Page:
About this artwork
This striking figure, with its serenely rendered face and violently pierced body, was made to contain and direct a spirit in order to assist people in need. Among the Vili and other Kongo language speakers, Nkondi means “hunter” in the Kongo language and refers to the spirit’s power to track down the source of trouble. The figure’s cap and assertive pose, with hands on hips and chin thrusting forward, suggest those of a chief, and like a chief, the figure and its associated spirit were called on to enforce laws and exact punishment. The spirit was drawn into the sculpture through the application of medicinal ingredients packed in resin on its head and in the projecting box, sealed by a mirror, on its abdomen. These ingredients were selected for their associations with the ancestral world (such as earth from graves) and for their metaphorical associations with the spirit’s powers. Medicines may also have been related directly to the figure’s function; for instance, the chain may refer to the spirit’s ability to immobilize its victims. A nail or a blade was driven into the sculpture each time its force was invoked through ritual, thereby provoking the spirit into action.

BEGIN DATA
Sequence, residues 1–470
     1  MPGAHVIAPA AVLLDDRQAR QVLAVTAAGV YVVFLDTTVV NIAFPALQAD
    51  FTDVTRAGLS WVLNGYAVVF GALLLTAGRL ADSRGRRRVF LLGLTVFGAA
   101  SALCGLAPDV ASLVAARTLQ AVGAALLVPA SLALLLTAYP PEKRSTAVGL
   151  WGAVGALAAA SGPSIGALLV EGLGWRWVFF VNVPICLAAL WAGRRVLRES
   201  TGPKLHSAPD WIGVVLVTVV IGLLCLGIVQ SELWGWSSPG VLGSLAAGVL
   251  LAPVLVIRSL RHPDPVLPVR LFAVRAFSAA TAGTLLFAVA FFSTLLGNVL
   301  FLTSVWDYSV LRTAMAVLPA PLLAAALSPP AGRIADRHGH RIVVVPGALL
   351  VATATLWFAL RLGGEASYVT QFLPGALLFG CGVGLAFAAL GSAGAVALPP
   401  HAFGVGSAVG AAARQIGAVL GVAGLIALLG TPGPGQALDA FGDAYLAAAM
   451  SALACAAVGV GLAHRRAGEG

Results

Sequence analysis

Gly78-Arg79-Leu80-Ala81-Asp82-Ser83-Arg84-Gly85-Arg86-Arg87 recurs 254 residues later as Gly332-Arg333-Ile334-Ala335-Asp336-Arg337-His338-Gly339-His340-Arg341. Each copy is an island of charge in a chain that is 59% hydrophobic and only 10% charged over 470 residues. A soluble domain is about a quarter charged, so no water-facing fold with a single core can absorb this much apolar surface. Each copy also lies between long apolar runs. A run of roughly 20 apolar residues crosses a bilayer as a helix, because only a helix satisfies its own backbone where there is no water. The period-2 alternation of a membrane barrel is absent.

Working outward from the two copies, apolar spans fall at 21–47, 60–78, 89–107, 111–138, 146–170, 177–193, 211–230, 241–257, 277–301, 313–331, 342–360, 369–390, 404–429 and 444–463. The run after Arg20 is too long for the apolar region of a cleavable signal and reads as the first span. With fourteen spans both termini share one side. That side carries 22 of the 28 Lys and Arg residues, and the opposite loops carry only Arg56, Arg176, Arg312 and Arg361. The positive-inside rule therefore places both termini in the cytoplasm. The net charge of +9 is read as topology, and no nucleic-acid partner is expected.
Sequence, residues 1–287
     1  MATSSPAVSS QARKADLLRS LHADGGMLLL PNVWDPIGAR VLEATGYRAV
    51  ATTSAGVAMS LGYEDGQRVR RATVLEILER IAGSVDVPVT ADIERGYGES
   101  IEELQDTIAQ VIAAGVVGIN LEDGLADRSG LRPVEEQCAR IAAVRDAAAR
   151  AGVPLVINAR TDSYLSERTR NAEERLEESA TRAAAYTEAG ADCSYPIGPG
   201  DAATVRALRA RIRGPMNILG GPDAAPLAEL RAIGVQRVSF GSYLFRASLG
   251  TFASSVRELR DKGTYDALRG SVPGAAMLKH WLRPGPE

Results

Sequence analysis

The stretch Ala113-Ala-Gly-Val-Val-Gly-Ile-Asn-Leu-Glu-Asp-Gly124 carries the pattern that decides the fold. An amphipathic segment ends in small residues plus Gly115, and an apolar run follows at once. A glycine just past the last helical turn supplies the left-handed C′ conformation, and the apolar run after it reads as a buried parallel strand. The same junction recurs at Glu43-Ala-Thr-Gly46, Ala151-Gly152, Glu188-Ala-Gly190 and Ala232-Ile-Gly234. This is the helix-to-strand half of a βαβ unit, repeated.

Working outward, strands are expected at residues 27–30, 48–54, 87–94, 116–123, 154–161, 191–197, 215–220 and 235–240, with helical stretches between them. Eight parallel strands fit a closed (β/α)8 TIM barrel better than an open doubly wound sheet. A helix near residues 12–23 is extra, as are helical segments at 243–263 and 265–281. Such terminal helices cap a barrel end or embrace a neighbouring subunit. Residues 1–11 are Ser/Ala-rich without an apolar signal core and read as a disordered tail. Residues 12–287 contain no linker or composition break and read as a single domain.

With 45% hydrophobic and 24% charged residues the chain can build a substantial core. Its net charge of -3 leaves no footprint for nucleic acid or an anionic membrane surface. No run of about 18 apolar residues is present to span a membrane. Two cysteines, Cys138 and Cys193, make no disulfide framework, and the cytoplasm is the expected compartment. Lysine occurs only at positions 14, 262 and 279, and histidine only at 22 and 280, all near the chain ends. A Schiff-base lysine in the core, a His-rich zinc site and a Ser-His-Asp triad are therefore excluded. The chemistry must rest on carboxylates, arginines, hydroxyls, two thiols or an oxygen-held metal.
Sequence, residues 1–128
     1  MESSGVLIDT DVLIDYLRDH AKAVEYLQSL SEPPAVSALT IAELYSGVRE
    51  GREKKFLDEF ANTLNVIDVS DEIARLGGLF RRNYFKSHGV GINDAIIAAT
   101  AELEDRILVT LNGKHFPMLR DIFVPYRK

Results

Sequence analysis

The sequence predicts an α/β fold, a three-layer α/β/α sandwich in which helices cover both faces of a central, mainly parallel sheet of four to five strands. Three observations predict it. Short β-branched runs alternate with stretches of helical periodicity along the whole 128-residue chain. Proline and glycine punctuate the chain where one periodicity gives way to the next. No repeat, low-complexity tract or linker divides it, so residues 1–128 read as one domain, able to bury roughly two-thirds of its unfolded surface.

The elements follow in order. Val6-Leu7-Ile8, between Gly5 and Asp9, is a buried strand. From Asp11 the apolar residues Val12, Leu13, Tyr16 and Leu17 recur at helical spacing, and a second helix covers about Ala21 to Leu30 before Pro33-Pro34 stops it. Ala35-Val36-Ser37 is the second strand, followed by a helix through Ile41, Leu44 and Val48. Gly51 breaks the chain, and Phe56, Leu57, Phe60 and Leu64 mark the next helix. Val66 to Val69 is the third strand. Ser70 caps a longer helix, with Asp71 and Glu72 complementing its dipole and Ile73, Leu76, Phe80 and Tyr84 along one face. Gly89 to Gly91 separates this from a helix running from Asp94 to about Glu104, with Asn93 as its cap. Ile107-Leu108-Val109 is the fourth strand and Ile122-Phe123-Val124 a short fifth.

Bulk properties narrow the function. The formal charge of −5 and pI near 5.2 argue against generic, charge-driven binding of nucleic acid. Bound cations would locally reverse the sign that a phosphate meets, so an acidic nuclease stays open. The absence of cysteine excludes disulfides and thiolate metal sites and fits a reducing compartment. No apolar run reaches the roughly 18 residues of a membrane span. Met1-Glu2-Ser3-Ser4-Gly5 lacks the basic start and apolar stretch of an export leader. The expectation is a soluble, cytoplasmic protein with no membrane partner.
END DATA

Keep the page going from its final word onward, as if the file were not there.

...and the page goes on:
- Vili (Culture)
- Male Figure (Nkisi Nkondi)
- Republic of the Congo (Object made in), Africa (Object made in)
- Wood, metal, glass, fabric, fiber, cowrie shell, bone, leather, gourd, and feather
- H. 72 cm (28 1/3 in.)
- Ada Turnbull Hertle Endowment